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Carle Foundation Hospital v. Shalala


June 16, 1995






Appeal from the United States District Court for the Central District of Illinois.

No. 93-2256--Harold A. Baker, Judge.

Before EASTERBROOK and KANNE, Circuit Judges, and SHARP, District Judge. *fn1

EASTERBROOK, Circuit Judge.

ARGUED MAY 16, 1995


Taxpayers search the heavens for ways to convert capital investments into ordinary expenses; the latter are immediately deductible, while the former must be depreciated. The federal government offers the same inducement widely. For example, a federal contractor compensated on a cost-plus basis wants to depict as much of its outlay as possible as operating expenses. Since 1983 the Medicare program has given hospitals the opposite incentive. Instead of reimbursing for costs hospitals actually incur, the federal government reimburses them for a weighted average of their costs and those it thinks are normal for a particular service. The weight for actual costs fell to 25 percent by 1988. 42 U.S.C. sec. 1395ww(d). Hospitals also may obtain payment toward the cost of their capital plant. Compare 42 U.S.C. sec. 1395ww(a)(4) with sec. 1395x(v)(1)(A). Operating expenses thus are not fully reimbursed; but if the provider can recharacterize recurring expenses as capital investment, it obtains a kicker from the Treasury. (In October 1991 capital expenses were rolled into the cost of service. See 56 Fed. Reg. 43358 (Aug. 30, 1991). We speak here of the system in place between 1983 and 1991.)

Carle Foundation Hospital of Urbana, Illinois, believes that its data processing costs are "capital related" and thus compensable because it obtains data processing services from a joint venture in which it is a part owner, which would allow it to depreciate the mainframe computer and related assets. The Administrator of the Health Care Financing Administration (as the delegate of the Secretary of Health and Human Services) disagreed and rejected the Hospital's claim for fiscal year 1988; so did the district court.

The Carle Clinic Association, P.C., a private medical group practice, operates from the same building as the Carle Foundation Hospital. The Carle Foundation owns the building, furnishing space to the Hospital and leasing space to the Clinic. The Hospital and Clinic offer an integrated medical service; almost all members of the Hospital's medical staff are members of the Clinic's medical group. The Hospital and Clinic also share equipment when possible. But the Hospital concedes that it and the Clinic are not "related" under the terms of the Medicare regulations. 42 C.F.R. sec. 413.17. This sets up our dispute, for the Clinic owns the computer equipment that the Hospital wants to include in its rate base. The Clinic bills the Hospital for actual use of the computer system. If this description of the arrangement--the Hospital as the buyer of a data-processing service--is the correct legal characterization for Medicare purposes, then the Hospital cannot depreciate any portion of its computer costs. According to the Hospital, it is not correct. The Hospital sees four entities here: the Foundation, the Hospital, the Clinic, and a data processing joint venture between the Hospital and the Clinic. The joint venture owns the computer and related equipment and recovers its costs from both Hospital and Clinic in proportion to their use of the system. Because the Hospital is "related" to the joint venture, it is entitled to attribute to the Medicare program its share of the capital costs, the argument concludes. See 42 C.F.R. sec. 413.130(g)(1).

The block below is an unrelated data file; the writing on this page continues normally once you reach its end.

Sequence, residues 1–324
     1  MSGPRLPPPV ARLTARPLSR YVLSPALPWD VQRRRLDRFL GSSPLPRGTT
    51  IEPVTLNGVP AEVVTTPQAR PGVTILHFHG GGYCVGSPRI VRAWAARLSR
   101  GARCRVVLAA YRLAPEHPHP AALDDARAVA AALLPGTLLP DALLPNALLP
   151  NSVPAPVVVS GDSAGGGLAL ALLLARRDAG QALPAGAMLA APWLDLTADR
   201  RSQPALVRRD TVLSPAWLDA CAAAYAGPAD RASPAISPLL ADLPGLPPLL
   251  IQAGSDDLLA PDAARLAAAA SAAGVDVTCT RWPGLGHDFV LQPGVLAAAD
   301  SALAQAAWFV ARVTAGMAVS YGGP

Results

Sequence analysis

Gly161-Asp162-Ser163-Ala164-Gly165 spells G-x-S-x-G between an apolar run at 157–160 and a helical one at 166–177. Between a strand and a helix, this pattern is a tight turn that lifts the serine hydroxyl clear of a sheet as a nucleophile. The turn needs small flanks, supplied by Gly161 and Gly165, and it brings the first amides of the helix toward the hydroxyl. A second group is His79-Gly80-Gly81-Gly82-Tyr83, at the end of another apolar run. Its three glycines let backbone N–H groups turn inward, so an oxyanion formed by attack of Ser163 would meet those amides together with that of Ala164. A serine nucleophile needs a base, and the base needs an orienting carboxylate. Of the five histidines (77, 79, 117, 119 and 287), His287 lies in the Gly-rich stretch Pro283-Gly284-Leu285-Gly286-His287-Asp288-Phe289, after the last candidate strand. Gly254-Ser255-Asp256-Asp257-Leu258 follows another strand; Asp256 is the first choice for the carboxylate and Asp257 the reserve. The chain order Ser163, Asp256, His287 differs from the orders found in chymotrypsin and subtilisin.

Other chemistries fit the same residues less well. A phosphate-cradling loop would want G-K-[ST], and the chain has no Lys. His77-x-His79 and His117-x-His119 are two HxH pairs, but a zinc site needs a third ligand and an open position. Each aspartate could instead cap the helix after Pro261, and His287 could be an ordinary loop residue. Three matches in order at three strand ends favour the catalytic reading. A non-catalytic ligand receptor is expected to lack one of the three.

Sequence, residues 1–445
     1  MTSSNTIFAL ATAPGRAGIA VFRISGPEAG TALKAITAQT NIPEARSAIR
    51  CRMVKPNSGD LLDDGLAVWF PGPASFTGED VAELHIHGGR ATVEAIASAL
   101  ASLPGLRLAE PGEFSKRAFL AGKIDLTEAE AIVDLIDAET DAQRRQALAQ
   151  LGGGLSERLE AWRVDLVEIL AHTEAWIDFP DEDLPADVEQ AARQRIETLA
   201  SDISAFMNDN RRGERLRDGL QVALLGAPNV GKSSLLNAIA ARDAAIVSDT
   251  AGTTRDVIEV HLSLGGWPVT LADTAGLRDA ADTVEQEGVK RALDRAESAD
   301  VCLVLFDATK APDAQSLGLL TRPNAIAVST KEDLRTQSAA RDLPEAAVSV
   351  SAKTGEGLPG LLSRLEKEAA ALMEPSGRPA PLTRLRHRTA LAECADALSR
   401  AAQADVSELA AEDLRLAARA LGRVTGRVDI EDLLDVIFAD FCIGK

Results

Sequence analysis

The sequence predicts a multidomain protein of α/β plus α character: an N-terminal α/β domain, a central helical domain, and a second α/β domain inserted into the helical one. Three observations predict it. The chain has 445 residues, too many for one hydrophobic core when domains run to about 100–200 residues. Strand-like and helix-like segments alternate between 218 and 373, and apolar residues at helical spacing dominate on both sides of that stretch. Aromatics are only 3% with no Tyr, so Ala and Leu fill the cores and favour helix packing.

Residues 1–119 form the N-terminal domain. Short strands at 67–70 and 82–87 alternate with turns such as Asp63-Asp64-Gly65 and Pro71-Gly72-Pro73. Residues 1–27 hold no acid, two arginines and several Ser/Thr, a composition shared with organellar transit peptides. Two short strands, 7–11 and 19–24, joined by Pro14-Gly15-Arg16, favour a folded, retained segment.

Whether the Hospital and the Clinic have embarked on a joint venture is a question of state law, in the absence of federal regulations addressing the subject. Like partnerships, joint ventures may be created in Illinois without formal paperwork. This gives the Hospital's argument breathing room. Many cases say that a joint venture is a business enterprise conducted for profit, e.g., In re Johnson, 133 Ill. 2d 516, 525-26, 552 N.E.2d 703, 707 (1989), but one may seek a "profit" by reducing one's costs of doing business. Every business enterprise must decide whether to buy inputs in the market or make them itself. This make-or-buy decision depends on anticipated costs, and a cooperative decision to make the goods yields as a "profit" the difference between the market price and the cost of internal production. Nonprofit enterprises certainly can agree to share losses, and an agreement to share all gains and losses is a joint venture even if the gains are not "profits" for tax purposes. Unlike the Secretary, then, we believe that a "nonprofit" provider of medical services may recover depreciation expenses on capital equipment that it owns jointly with another entity.